#1 Have a Plan! - The Importance of Writing Down Your Vision

#1 Have a Plan! - The Importance of Writing Down Your Vision

This blog post is an excerpt from our upcoming book: 101 Ways to Market Your Service Based Business!


It may or may not surprise you that 99% of small business owners don’t really have a fully thought through plan. It’s important for the success of your business that you’re able to plan all the way to the end, by which I mean to the time when you either close the business (because retirement/boredom/lack of money) or sell the business (for pretty much the same reasons). And so I ask you, that throughout this book, to have an open mind about new ideas that can organically, grow your business.

In terms of your marketing, that is a plan all on its own, and thankfully I’ve taken care of much of the heavy lifting for you here. If you can follow through each step and implement these properly, not only are your tactical (short-term/day-to-day) activities covered, but I also cover off much of the long-term strategic objectives.

So what do you need in your plan? Well the first step is a vision. A vision of where you want to be in this business when you’re finished with this business. That could be 5, 10, 15, 20, or even 40 years from now.

The next is understanding WHO & WHERE your ideal customers are, WHAT they want, WHEN they need it, & HOW you can make it easily accessible to them. Its not about what’s convenient for you as the business owner, and very few of your decisions should ever be based on that. You have to be focused on what the customer wants and how much they’re willing to pay for it. You should also take a moment to consider whether or not your ideal customers exist and in great enough numbers (ex: How many other businesses are doing something similar, selling to the same audience?)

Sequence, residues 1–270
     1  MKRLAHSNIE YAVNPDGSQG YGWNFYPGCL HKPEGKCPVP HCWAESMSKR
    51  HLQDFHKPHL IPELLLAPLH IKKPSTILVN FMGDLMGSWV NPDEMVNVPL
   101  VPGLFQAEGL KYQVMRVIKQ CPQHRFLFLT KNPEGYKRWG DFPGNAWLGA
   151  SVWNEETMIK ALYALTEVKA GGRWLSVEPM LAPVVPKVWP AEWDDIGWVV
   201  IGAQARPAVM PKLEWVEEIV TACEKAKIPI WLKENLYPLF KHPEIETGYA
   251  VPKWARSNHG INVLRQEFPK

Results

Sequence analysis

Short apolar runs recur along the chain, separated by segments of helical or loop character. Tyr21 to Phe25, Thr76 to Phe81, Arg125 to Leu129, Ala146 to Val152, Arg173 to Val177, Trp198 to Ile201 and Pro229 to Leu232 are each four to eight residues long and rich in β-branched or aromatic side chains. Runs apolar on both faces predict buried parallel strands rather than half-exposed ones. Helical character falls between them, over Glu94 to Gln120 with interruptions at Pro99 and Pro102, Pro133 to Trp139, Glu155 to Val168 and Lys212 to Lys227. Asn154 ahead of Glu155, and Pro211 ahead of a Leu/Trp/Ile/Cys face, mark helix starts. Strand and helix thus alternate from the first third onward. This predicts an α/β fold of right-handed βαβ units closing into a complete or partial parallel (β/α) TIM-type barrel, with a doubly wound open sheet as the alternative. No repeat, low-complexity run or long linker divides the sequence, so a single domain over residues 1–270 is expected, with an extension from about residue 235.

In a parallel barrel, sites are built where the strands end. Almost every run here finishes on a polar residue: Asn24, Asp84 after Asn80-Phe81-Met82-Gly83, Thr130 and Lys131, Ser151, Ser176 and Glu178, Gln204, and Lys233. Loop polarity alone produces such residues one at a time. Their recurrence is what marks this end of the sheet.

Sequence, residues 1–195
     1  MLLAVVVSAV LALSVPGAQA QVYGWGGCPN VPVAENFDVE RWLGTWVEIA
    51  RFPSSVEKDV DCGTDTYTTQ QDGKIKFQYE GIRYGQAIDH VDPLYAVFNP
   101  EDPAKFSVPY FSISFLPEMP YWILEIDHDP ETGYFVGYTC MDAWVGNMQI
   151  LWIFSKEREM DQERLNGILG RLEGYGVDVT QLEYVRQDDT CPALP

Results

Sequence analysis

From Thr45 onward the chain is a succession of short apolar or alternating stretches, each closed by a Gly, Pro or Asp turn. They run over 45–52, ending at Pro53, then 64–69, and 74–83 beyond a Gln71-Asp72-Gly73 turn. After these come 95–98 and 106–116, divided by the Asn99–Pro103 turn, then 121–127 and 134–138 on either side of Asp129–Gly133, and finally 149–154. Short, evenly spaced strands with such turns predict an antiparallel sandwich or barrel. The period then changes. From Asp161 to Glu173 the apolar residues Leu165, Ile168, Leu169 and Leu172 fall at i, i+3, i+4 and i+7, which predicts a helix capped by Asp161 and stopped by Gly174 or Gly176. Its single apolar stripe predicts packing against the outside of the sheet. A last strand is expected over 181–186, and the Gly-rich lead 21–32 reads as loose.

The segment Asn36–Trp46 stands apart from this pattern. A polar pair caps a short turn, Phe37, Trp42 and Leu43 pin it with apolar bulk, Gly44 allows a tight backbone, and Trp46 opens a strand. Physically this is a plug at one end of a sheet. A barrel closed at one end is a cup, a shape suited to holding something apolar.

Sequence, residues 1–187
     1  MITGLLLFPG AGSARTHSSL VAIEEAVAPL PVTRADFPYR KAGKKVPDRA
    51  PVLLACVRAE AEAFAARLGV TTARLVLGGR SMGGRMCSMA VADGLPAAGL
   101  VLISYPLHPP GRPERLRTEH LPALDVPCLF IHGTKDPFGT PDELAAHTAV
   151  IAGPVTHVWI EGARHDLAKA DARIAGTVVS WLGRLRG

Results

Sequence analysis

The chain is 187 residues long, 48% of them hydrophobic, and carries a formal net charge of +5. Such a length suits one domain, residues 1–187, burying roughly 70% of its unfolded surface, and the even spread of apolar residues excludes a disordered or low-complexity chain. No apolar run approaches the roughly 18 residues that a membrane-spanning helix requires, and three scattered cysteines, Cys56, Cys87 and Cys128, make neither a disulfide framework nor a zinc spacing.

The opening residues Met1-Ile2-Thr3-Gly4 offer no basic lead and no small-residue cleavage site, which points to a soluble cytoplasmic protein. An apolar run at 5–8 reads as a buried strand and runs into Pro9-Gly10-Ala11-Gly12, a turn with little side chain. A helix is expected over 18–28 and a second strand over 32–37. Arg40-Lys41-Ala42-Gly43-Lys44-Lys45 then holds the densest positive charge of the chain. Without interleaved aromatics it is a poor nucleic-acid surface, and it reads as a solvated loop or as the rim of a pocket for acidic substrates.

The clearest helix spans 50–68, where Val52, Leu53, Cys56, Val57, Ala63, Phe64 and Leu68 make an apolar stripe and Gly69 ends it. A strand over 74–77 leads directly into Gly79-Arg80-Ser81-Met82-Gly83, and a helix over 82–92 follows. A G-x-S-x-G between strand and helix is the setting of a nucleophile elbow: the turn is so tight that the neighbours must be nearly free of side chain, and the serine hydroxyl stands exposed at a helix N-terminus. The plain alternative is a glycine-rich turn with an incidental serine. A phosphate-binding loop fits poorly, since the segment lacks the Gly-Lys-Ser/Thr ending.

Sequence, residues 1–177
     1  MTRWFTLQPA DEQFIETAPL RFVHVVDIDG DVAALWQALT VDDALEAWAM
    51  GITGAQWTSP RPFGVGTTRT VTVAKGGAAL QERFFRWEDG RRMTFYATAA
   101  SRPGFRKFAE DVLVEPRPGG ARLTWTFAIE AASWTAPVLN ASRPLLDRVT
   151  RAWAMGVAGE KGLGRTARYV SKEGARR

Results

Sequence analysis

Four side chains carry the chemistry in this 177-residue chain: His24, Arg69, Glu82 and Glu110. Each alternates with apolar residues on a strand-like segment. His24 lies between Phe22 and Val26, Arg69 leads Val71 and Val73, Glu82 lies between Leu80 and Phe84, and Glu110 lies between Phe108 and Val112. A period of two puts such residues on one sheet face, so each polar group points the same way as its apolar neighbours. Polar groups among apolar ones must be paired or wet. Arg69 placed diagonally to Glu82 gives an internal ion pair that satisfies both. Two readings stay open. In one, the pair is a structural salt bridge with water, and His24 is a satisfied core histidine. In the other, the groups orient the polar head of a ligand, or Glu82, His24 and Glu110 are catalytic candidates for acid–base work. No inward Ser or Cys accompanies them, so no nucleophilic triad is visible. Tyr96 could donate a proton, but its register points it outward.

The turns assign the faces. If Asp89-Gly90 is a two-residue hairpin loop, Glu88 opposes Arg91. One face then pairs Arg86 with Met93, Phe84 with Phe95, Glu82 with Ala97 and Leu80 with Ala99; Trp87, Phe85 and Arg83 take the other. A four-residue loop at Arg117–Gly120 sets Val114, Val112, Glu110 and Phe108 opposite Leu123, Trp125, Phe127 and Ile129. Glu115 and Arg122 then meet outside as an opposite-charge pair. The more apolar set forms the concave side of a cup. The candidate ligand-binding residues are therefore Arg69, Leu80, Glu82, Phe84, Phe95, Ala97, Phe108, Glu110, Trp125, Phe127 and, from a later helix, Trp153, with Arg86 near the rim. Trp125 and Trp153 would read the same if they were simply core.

Third, you need to figure out what type of experience your clients should have when they come to see you or when working with you. This is going to play a big part in your long-term success and is critical to gaining those first few clients and referrals.

Fourth and most importantly is your financial assumptions and predictions. These are not numbers that you pull out of your ass based on what you think YOU would pay for them. Pick up the phone, do a few internet searches and find out how much everything costs. Then predict that for the next 5 years, your costs are going to increase at least 10% per year, compounded. So if the lease for your shop/office/clinic is $5000/mo, next year it’s $5500/mo, and the year after its $6050/mo and so on… do this for every major expense, including your salary. This will give you a very clear and realistic idea of how much money you need to start and run this business, and how many sales & you need to have to cover those expenses and still produce a 5% net profit (a good standard margin). I’ll be writing a second book on financials if these ideas don’t make sense to you here.

But once you have a solid plan and idea of where to go with your business you’ll be able to fully engage your partner(s), employees, bankers, and your customers! Being able to operate with a solid idea in mind of where you want the business to be in your desired time frame will really be something that sets you apart. And even if that goal is just to make a really great shop that you can run until you want to retire that’s still a demonstration of commitment on your part as to where you want to go and how you want to help people get the services/jobs they’re coming to you for.

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